ATO Blitz On Share Economy Income

ATO Blitz On Share Economy Income

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Have you been earning money in the share economy, but not sharing this information with the ATO?

The ATO is very interested in income you have earned but not reported to your income tax return.  How does the ATO know how much you have earned?

The ATO can easily access information about your bank accounts.

For example, generally banks report the interest income they pay to you, to the ATO.

They can also check deposits made to your bank accounts, but this can be cumbersome to determine what deposits are income and whether it has already been reported to your income tax return. A $1000 deposit, may already be captured as employment income, or income from the sharing economy, or a personal deposit from a family member and not relevant for tax purposes.

But there is an easier way!

The ATO has arrangements, increasingly, directly with platforms such as Airbnb and uber and others, where the amounts they pay to you, are reported to the ATO. Just as banks report the interest income to the ATO.

If the ATO find you have earned income but not reported this to your income tax return, an ATO review or audit may not be far away.

Also, if you have just sold your home, the ATO will know that too.  This information is easily obtained from various sources, such as state revenue authorities around Australia.

And if you have ‘shared’ your home and earned income from it, then there is most likely a very unwelcome and harsh tax consequence for you in the form of capital gains tax.  At least that is the ATO’s current interpretation of the law, and you may wish to check out our previous commentary at Airbnb – Has The ATO Got It Wrong?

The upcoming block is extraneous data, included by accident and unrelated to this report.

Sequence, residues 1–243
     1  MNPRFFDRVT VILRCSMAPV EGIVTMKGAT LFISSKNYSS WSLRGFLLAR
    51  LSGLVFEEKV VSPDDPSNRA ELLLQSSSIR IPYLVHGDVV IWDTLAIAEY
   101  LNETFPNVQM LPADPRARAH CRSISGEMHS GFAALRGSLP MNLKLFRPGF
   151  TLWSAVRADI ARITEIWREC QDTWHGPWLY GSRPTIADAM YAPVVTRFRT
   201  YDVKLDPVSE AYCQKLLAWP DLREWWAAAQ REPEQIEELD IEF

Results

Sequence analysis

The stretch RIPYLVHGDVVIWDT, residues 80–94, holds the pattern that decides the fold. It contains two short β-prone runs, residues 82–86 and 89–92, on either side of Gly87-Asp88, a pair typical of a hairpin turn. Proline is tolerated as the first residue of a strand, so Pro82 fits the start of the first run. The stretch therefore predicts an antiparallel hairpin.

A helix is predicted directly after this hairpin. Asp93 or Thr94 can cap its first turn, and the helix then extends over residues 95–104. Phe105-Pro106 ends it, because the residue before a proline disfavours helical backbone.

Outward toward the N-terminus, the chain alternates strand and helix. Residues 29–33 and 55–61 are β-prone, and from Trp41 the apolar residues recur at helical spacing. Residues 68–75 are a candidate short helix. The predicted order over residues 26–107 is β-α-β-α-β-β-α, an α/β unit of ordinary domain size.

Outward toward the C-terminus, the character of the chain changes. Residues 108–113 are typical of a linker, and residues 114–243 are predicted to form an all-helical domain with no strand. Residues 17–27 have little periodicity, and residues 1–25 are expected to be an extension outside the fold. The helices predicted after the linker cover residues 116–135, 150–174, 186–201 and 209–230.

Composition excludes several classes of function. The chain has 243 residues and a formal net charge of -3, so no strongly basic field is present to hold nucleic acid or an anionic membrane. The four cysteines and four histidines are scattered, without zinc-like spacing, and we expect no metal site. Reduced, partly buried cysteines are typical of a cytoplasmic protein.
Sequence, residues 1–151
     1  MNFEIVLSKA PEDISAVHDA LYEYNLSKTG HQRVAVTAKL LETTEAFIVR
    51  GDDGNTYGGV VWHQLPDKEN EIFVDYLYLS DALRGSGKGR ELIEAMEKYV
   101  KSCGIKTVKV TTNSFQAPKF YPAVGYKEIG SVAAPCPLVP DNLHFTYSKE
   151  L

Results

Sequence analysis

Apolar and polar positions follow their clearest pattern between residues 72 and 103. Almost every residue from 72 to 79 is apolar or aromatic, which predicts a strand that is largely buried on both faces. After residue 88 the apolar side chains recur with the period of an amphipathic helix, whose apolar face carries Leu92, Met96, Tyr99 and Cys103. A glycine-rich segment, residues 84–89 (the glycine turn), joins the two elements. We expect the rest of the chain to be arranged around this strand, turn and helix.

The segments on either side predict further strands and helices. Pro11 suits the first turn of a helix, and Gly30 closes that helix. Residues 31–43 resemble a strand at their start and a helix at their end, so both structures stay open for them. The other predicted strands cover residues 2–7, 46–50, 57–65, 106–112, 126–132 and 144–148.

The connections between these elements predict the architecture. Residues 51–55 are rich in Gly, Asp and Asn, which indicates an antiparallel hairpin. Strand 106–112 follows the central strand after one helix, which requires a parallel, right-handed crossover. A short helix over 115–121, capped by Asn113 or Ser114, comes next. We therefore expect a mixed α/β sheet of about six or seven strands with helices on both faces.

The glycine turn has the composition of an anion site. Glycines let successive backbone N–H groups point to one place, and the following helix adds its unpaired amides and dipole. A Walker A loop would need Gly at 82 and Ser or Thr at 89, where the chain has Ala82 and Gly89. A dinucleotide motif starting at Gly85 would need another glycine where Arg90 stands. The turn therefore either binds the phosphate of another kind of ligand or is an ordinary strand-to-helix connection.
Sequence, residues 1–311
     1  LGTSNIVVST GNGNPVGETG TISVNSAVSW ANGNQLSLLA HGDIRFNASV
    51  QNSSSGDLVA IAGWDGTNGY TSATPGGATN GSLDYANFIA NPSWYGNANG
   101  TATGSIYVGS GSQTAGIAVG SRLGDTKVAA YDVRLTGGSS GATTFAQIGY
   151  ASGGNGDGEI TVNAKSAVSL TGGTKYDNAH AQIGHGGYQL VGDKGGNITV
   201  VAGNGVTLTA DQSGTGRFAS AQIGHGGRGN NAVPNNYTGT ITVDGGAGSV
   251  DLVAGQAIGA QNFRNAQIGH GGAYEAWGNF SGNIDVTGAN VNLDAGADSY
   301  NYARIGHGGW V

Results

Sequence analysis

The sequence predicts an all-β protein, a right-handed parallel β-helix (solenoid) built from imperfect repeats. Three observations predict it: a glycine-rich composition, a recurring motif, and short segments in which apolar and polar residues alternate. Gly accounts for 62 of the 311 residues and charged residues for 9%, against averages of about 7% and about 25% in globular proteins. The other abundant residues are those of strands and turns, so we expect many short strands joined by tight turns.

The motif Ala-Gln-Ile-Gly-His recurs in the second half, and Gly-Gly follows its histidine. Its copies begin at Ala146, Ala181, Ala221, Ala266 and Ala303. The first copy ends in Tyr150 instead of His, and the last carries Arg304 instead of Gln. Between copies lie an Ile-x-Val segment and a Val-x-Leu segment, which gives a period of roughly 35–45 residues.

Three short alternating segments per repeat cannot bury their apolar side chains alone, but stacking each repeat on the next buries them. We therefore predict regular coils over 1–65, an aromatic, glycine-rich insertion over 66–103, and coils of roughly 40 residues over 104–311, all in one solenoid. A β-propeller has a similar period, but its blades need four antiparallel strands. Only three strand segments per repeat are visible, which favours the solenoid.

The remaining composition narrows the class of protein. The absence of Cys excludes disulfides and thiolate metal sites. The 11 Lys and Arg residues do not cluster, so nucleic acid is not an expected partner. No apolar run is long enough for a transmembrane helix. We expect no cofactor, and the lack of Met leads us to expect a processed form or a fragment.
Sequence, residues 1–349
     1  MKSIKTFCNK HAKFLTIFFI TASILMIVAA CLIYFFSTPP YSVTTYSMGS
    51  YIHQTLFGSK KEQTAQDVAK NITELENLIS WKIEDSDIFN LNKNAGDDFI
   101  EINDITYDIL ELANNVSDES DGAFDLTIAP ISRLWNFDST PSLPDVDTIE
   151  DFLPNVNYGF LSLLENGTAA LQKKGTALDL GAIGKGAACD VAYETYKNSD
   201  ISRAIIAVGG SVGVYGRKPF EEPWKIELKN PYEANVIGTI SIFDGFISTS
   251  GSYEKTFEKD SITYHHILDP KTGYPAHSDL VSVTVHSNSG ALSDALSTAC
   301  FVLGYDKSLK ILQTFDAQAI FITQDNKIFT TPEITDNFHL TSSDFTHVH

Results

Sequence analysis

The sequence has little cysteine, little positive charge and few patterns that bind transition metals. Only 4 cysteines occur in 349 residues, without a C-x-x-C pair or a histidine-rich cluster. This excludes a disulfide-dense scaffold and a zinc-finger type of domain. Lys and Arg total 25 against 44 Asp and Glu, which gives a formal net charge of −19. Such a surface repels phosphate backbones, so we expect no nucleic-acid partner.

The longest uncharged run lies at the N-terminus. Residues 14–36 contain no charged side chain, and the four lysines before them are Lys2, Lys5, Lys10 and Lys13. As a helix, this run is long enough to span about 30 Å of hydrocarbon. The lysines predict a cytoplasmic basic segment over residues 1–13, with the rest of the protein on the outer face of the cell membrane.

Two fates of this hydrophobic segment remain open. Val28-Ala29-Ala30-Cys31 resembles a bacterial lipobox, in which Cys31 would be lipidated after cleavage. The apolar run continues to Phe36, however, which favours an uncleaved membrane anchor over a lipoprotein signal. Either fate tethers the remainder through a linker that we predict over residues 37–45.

The tax differences between home owners and renters sharing their homes, have tremendously different tax consequences.

The ATO will do whatever they need to do, to identify any income you may have earned but not reported to your income tax return, such as obtaining details of payments made to taxpayers by the likes of uber and Airbnb. But they will not go to any trouble at all, to try to determine the deductions you can claim, or any ‘main residence’ exemption adjustments for CGT purposes.

This is your responsibility. As well as fronting up with additional tax to pay any income earned was not reported to any income tax returns you have lodged, along with any interest and penalties the ATO may impose.

And remember, if you share your home on platforms such as Airbnb, you may need to pay need to pay tax twice – once on the income, and again on the disposal of your home in the form of a tax on your capital gain, adjusted for the remaining main residence exemption (if any).

That could hurt, a lot, especially if your home has increased in value significantly.

Tax Services Australia has been helping Australians with quality, independent and reliable taxation advice since 2001. If you have run into trouble with the ATO or wish to proactively plan and protect your personal tax situation, contact us today.

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